University of South Florida provides Macbook Pro for every student-athlete

The University of South Florida and Northeastern University are going the extra mile to provide classroom lecture content for their student-athletes.  Institutions, like these, have seen how multimedia can improve student-athlete’s classroom experience.  The past two semesters, Northeastern piloted lecture-capture options for students who need to miss classes due to game commitments.  In the Spring of 2009, we used Flip cameras and Blackboard to deliver recorded lectures to the athletes.  Because the Flip camera operation is not really scalable, we expanded the offering in the Fall of 2009 using an automated system – Tegrity – with some programs continuing to use the Flip cameras.  The success of the program has freed funds to continue providing the Tegrity service through Fall of 2010.

Universities derive a lot of pleasure from their sports.  The time commitments of their athletes are significant.  Most, except those in major programs, have little hope of making it to the next level – if there is one.  Besides football,  baseball, basketball, and hockey, there’s track, swimming, crew and other sports (both women and men) which have serious time commitments associated with them and in most cases with very little scholarship money.  When I was a student-athlete playing both football and baseball, the technology was not available to record the lectures and make them available for review (except  large portable cassette tape recorders).  There was no learning management system where class notes could be stored.  Chat rooms weren’t available – if you don’t count the rotary phones that we had.  🙂  If we wanted to meet with our instructor, we had to wait till office hours – which were generally during practice times. 🙁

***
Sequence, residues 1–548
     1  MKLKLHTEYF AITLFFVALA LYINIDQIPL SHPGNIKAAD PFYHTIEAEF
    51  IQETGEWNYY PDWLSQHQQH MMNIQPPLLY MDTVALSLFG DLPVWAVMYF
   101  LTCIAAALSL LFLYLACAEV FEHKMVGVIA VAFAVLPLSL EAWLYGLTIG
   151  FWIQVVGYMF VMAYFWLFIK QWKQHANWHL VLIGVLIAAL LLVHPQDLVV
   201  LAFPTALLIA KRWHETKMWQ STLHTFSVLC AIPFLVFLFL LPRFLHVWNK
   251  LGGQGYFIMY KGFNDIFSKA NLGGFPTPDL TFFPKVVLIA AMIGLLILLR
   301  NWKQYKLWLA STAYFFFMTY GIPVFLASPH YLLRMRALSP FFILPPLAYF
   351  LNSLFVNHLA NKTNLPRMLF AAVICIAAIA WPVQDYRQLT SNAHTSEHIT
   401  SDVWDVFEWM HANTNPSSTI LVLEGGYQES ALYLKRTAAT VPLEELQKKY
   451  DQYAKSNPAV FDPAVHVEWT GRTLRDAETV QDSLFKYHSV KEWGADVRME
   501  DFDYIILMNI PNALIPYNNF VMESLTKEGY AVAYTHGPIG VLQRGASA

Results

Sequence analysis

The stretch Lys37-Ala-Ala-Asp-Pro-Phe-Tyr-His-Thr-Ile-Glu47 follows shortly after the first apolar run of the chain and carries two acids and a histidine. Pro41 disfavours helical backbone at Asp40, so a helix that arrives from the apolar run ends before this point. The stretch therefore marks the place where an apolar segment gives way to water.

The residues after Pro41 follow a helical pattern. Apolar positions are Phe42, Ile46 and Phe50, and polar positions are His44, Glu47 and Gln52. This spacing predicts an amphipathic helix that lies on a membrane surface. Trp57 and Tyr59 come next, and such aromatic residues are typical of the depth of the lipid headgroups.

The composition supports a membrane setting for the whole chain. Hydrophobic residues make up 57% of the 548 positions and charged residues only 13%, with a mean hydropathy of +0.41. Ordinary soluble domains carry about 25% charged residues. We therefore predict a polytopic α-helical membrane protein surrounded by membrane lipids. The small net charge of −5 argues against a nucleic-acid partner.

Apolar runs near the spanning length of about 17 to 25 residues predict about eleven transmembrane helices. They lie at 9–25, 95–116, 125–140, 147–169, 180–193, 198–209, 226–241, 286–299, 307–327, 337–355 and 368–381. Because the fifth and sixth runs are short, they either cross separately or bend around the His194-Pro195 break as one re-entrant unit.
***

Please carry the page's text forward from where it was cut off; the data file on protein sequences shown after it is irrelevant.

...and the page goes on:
When the Athletic Department and a couple caring faculty approached Information Services early last spring for support in recording lectures – we were eager to help.  Though we didn’t feel that using the Flip camera was the best solution (because it was manual), it was worth the effort until we could implement a better system.  Last spring, one athlete had to miss several classes in an upper level business course, he utilized the recorded lectures and earned a high A.  This fall, it’s my understanding we had a high rate of retention from our student-athletes.  In other words, because the lectures were available to them, they didn’t have to drop the class because they got behind.

I’m not one that believes technology will solve all of our pedagogical woes, but in this case, effectively using tools (i.e. Blackboard, lecture capture software, and podcasting), without requiring the instructor to change much in the classroom, is a good service.  In fact, these same tools can assist all students – providing them with an effective and efficient way to review lectures – enhancing their class notes.  They can listen to the lecture with their iPod or MP3 player or watch it again on their computer.

Kudos to both Northeastern and South Florida!

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